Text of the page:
For 28-year-old Kolkata-based transgender lawyer Sayantani Ghosh, also known as Megh, the holy festival of Durga Puja used to be a time of fear and trepidation. Scared of visiting pandals as a child for fear of getting mocked, Megh would confine herself within the four walls of her home.
Today, however, she has the opportunity to draw the eyes of the goddess Durga idols at two community Pujas—a sacred tradition called ‘Chakshu Dan’ often performed by male artisans, according to The Indian Express.
She will perform ‘Chakshu Dan’ for the Jodhpur Park Cultural Association and the Torpedo Welfare Society, a festival organising committee based out of Howrah district. Besides, she has also been chosen as the brand ambassador for two other Puja festivities organiser—Baghajatin Nirbhij Sangha and Sonarpur Recreation Club.
For Megh, the decision of the Sonarpur Recreation Club holds great meaning because that’s where her neighbourhood would celebrate Durga Puja. From shame to pride, it’s been a remarkable ride.
“I am honoured and privileged. It is a big initiative for me and the transgender community as a whole. It is a message that not only men but women and transgenders can also partake in the ritual. I consider it a big achievement in our lives,” she added.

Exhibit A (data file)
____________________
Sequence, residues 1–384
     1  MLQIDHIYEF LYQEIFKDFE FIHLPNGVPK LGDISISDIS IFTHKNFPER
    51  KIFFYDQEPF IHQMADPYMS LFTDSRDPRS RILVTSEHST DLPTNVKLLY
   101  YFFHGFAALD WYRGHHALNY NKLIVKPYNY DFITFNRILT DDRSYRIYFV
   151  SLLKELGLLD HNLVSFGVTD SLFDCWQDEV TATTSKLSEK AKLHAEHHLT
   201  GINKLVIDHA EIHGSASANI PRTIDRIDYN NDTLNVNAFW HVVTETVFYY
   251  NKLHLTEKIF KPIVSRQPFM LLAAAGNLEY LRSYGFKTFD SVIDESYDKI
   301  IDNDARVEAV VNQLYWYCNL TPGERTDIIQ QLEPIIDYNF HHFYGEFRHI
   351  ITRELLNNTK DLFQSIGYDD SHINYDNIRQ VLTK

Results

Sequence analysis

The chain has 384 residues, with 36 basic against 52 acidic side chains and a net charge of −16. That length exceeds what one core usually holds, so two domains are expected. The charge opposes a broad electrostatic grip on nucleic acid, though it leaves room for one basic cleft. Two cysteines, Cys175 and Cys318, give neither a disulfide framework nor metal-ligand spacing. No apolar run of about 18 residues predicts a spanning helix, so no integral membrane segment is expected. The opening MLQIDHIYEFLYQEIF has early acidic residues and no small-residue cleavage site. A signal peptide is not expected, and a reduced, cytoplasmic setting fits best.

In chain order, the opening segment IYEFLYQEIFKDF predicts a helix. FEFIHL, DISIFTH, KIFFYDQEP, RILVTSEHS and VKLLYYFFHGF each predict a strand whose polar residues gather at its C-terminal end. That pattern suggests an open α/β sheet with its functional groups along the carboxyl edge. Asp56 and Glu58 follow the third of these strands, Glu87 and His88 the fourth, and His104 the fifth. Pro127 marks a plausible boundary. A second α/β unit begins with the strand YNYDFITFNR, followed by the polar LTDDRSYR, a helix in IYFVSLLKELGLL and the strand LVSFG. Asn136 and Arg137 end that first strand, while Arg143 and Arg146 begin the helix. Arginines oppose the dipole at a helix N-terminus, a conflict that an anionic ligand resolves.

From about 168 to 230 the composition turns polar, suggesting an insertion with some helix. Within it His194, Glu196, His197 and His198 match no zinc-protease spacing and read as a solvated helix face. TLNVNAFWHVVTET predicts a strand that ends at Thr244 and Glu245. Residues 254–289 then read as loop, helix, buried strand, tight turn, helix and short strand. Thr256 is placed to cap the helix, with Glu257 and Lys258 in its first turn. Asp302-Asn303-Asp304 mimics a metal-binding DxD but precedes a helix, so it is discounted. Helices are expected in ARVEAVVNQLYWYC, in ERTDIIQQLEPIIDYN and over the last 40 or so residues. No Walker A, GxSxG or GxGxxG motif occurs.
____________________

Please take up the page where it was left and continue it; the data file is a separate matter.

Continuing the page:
Like many within the LGBTQ community, she also celebrated the recent Supreme Court ruling decriminalising homosexuality, but warns that “our struggle for social acceptance will go on.”
In 2012, Megh graduated from the Hazra Law College, an institution under the aegis of Calcutta University, and took up a job at the Alipore court. However, she soon quit, attributing it to the “apathy from a section of people.”
Fortunately, last year, she received her first case from a friend. “I won the case, a divorce case in 2018. [It was] my first success,” she told The Indian Express.
“Most puja organisers make celebrities, sports stars and other stalwarts their brand ambassadors. But we decided to make her our ambassador this year. She has struggled and has become one of the first transgender lawyers in the country. It is an achievement,” Rajib Bhuniya, treasurer of the puja committee of Sonarpur Recreation Club, told the publication.
“We have two messages to convey through our initiative. Firstly, a message of the necessity of social acceptance of not only transgenders but all of the LGBTQ community by the mainstream. Secondly, a message to the transgender community that nothing is impossible and [any one of them] could become what Megh has become,” he added.
There was also little resistance from local community members about Megh being chosen for the tradition practiced during Durga Puja.
(Edited by Gayatri Mishra)